I’m always interested in the way creatures find to mark their territory, the variations in what can be considered grounds for competition. Physically marking territory for hunting by using scents; territory for mating by using struts, plumage or howls; fencing and barbed wire for farming. Staking territory to gain an advantage is probably almost as old as life.
When it comes to humans, we have invented systems for staking out the territory not just of where we are, but what we think. We call our thoughts intellectual property and we claim that property using patent and copyright law.
There’s a discussion over territory that’s both physical and intellectual that’s going on right now in the U.S. Supreme Court. On one side is a 75-year-old Indiana farmer, Vernon Hugh Bowman, who planted soybeans he purchased from the Monsanto company. They were Roundup Ready soybeans, which are engineered to be resistant to weedkiller. In the 15 years since its introduction, the Roundup system has grown to comprise 90% of all soy grown on U.S. soil.
When farmers buy Roundup Ready seeds, they sign agreements that they will not plant the seeds from the original plant for a new crop. The 2nd generation seeds contain the same engineering as the parent seeds, and each plant provides up to 80 new seeds. Most farmers comply. Mr. Bowman did not. He planted the 2nd generation seeds, and when Monsanto sued him for breach of contract, he went to court. And lost. He appealed, and lost again. Now the case is in front of the Supreme Court, and Mr. Bowman is appealing with the assistance of a large lawyerly contingent.
Their argument is that the Monsanto patent only extends as far as the seed generation that was sold and planted. Farmers have been saving seeds from one year to replant the next for millennia – it’s called agriculture. To limit the right to do so is to limit human culture by limiting choices to those products made available by a very few companies.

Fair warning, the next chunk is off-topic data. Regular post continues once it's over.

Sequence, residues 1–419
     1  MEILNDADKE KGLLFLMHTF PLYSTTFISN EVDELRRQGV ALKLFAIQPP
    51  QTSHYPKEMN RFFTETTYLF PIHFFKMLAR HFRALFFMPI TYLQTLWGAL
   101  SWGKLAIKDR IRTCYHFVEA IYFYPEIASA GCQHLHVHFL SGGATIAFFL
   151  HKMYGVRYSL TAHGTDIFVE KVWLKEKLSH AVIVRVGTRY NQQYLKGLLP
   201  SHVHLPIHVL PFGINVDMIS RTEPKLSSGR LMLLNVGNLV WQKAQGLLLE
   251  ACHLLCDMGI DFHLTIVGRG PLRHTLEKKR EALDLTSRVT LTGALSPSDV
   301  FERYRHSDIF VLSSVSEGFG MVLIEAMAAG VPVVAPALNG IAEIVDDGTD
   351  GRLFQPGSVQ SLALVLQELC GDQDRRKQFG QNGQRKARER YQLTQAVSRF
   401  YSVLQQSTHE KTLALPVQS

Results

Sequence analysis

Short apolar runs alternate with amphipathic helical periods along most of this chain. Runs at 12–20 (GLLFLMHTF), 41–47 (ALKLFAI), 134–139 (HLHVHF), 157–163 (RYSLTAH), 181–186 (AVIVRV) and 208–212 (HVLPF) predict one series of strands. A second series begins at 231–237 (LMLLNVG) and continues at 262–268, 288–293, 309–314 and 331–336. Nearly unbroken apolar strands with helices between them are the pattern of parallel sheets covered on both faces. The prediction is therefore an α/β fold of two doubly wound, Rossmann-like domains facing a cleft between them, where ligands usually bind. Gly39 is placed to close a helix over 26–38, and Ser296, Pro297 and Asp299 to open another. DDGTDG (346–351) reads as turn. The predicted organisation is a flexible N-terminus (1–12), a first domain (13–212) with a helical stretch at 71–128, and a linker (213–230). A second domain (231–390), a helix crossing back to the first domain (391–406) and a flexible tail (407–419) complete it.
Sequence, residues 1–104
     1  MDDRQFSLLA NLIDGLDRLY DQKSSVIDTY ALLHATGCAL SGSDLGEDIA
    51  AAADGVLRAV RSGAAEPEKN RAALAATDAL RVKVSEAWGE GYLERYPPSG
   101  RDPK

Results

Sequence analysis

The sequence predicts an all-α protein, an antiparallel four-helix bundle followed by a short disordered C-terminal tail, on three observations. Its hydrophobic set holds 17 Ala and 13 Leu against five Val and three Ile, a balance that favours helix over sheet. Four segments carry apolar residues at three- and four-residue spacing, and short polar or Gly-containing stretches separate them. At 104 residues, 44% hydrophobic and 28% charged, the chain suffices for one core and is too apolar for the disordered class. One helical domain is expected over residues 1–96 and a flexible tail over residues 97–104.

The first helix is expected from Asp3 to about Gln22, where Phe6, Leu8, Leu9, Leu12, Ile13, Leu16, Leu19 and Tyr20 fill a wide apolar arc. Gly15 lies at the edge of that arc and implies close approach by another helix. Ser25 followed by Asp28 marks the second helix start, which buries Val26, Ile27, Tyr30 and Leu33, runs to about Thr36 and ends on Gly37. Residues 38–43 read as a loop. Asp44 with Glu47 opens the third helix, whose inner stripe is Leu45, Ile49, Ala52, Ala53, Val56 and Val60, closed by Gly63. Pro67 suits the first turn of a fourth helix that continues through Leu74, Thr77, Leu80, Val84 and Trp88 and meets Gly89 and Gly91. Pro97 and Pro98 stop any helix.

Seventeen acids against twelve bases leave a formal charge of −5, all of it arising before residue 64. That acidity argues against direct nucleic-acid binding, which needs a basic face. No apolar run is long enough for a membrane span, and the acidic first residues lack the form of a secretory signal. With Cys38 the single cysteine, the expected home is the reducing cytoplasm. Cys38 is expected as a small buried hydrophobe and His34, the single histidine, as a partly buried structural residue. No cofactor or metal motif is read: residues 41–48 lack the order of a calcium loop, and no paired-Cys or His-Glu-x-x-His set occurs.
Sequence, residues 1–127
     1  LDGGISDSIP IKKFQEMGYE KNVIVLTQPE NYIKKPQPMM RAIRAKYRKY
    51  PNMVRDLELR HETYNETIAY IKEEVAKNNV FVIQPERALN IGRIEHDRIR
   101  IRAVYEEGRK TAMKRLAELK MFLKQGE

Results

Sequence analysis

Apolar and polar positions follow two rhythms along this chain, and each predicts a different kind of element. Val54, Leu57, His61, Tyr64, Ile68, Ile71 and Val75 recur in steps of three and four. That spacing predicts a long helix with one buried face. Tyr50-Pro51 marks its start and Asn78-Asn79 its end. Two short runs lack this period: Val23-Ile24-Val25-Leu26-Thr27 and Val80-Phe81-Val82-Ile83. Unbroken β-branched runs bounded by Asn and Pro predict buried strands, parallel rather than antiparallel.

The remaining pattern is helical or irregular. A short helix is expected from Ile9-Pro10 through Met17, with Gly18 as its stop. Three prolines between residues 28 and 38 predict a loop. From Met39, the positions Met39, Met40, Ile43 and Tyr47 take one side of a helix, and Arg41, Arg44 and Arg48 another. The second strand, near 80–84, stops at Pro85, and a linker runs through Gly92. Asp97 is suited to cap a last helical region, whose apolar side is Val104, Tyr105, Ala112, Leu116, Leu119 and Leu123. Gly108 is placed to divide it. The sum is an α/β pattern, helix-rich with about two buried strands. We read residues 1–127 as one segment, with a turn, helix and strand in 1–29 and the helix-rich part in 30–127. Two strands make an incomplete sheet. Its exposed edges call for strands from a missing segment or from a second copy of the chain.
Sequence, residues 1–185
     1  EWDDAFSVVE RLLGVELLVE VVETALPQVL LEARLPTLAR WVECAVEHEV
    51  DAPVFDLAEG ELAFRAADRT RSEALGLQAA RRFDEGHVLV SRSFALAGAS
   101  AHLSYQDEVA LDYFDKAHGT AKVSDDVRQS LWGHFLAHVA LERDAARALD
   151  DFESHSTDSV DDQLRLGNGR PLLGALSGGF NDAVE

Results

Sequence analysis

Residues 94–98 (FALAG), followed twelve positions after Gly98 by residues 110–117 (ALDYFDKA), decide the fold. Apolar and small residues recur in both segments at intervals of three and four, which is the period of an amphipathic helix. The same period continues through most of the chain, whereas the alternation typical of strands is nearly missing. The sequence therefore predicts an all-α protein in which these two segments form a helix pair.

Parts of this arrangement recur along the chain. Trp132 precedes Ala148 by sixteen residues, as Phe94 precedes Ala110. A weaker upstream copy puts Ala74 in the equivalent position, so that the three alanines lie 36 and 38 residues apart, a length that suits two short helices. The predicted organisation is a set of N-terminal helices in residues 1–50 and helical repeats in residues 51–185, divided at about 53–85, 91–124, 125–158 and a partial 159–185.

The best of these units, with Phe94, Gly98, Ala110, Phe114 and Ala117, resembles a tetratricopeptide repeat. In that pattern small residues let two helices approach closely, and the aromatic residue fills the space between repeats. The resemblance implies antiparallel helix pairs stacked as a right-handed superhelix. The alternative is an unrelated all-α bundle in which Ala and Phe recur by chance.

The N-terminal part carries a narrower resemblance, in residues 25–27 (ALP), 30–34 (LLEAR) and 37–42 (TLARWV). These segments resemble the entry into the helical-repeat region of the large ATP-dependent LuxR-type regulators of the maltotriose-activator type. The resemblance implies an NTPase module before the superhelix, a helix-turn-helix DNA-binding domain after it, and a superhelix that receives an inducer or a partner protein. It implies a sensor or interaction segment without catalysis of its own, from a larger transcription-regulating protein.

Monsanto doesn’t agree. The company spends vast amounts of money on research and development. If it can’t recoup that investment by selling its products, there is little incentive to develop new and useful technologies. Many business leaders and economists agree. “Our case is the template for a broader discussion,” said David Snively, Monsanto’s general counsel. “This is just really about how patent law concepts apply to tomorrow’s technologies.”
The United States has only allowed the patenting of living organisms since 1980 (Diamond v. Chakrabarty). As one article sums it up:
The difference here, some attorneys say, is that the patented item is a product of nature that regenerates on its own.
“Are they going to take nature into account? Are they going to take into account that this is what beans do?” asked Yvette Liebesman, a law professor at St. Louis University. “You can patent anything under the sun created by a human. If a plant is doing what plants do, is that something that humans have done?”
Monsanto has an answer for that.
“This is not just a seed,” Snively said, “and to suggest that plants just grow themselves is preposterous.”
There have been calls recently to overhaul patent law, claims that it stifles real innovation and productivity. This is a topic I’ll explore later with regard to green issues.
For now, I will be watching Mr. Bowman and Monsanto use whatever means at their disposal to stake out their respective territories. It’s what we do.